Hip-hop Media training

Wu-Tang Clan Rappers And Martial Artists Participate In Hip Hop Chess Competition

Hip-Hop Media Training

Hands down, Kanye West won the first week album sales battle against 50 Cent last month. Kanye's 951,000 Graduation copies sold gave him the 260,000 album advantage over 50's Curtis.

But the San Francisco-based Hip Hop Chess Federation posed an interesting question about the friendly rivals to its website users. Their poll asked, "In a battle of strategy and skill who would win?"

Sixty-five percent put their bets on 50 Cent, who recently scored one of hip-hop's biggest business successes ever when his investment in the Vitamin Water drink netted him a $400 million return.

The Hip Hop Chess Federation hopes that 50 Cent will one day put his strategy and skill to a different test, a hip hop chess tournament. Fellow emcees and Wu-Tang members RZA and GZA will be doing that Saturday, October 13, at the HHCF's 1st Annual Chess Kings Invitational competition at the San Francisco Design Center.

In an event hosted by Dilated Peoples' member Rakaa, 8 rappers and martial artists will face-off. The likes of RZA, GZA, DJ Disk, and Casual from Hieroglyphics will play against MMA fighter Ralek Gracie and UFC fighters Jeff "The Snowman" Monson and John Fitch.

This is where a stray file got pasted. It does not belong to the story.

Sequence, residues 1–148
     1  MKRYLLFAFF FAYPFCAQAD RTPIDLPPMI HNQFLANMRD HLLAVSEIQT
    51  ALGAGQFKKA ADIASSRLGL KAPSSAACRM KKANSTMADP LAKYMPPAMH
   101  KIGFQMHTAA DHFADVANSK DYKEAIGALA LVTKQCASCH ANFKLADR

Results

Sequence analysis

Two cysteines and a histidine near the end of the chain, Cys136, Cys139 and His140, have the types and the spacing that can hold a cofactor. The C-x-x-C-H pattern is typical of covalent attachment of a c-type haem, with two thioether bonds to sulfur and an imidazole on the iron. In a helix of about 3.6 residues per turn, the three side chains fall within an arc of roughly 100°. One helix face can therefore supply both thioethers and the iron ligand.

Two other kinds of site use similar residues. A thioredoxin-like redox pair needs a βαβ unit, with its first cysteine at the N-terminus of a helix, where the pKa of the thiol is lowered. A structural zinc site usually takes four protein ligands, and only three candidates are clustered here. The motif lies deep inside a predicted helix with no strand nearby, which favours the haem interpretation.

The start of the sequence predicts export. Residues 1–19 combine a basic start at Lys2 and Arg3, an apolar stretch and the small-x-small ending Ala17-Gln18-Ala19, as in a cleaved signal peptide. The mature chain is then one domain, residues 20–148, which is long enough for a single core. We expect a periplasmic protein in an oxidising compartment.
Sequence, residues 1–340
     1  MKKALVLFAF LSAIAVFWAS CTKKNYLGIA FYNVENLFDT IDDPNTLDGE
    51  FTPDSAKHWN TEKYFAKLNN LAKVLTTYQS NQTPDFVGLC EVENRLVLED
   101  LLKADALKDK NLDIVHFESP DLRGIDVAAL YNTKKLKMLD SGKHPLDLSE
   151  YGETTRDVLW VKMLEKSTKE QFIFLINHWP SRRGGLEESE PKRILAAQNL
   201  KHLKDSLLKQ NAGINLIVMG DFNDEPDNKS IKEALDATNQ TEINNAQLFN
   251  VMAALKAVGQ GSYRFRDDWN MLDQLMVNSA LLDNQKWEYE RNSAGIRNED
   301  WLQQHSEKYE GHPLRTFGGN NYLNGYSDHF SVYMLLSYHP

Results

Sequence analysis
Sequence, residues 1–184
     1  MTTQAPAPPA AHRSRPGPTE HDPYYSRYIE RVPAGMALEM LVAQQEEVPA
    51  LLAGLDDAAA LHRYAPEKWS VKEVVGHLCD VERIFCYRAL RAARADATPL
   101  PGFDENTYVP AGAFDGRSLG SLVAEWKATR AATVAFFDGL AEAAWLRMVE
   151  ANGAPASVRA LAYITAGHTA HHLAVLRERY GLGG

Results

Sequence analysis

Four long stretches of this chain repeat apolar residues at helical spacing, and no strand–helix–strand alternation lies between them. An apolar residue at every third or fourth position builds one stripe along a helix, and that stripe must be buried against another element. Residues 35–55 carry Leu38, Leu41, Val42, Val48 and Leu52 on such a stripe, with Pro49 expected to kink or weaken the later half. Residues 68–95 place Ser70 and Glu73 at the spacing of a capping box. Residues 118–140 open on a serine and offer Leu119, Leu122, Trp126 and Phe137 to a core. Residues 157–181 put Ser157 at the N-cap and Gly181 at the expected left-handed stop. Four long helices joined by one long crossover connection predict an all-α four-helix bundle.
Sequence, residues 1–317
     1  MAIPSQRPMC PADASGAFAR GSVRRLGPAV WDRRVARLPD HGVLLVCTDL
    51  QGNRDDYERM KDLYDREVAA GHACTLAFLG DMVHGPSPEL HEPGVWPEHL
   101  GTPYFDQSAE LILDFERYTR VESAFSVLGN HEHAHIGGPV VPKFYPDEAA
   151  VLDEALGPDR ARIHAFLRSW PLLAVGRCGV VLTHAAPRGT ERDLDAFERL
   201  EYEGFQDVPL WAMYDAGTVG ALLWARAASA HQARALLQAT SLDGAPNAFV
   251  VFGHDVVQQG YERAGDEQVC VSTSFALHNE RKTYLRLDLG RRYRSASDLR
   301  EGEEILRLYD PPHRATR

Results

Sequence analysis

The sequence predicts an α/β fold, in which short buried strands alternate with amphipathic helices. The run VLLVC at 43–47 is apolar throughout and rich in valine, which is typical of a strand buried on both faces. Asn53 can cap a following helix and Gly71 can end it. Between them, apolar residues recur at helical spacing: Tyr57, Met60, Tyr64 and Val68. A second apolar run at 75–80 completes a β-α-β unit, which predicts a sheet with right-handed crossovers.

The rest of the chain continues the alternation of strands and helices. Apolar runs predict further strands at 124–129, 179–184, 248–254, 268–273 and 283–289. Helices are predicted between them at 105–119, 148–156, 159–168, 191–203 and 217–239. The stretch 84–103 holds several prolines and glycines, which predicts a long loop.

A separate event will pit world renown DJ QBert in a 1 minute "bullet" match against Emma Bentley, the United Kingdom's 10 year old Jr. World Champion. Plus, $10,000 in scholarships will be awarded to winners from rounds between students from two local high schools and two youth organizations.

The event opens with the panel "Life Strategies: The Blueprint For Victory" that will include RZA, Monson, Chessmaster Josh Waitkin, among others, discussing how music, chess and martial arts can positively impact ones life.

Adisa Banjoko, who co-founded the HHFC along with Leo "Blast" Libiran, says the nonprofit created this platform as a means to help uplift kids. "To have such a fantastic blend of rappers, martial artists and chessmasters donating their time to underserved communities will have a profound impact on American youth," Banjoko says. "Chess has never looked cooler than right now."

See the video below of Casual, holding the championship belt, and Banjoko discussing the competition.



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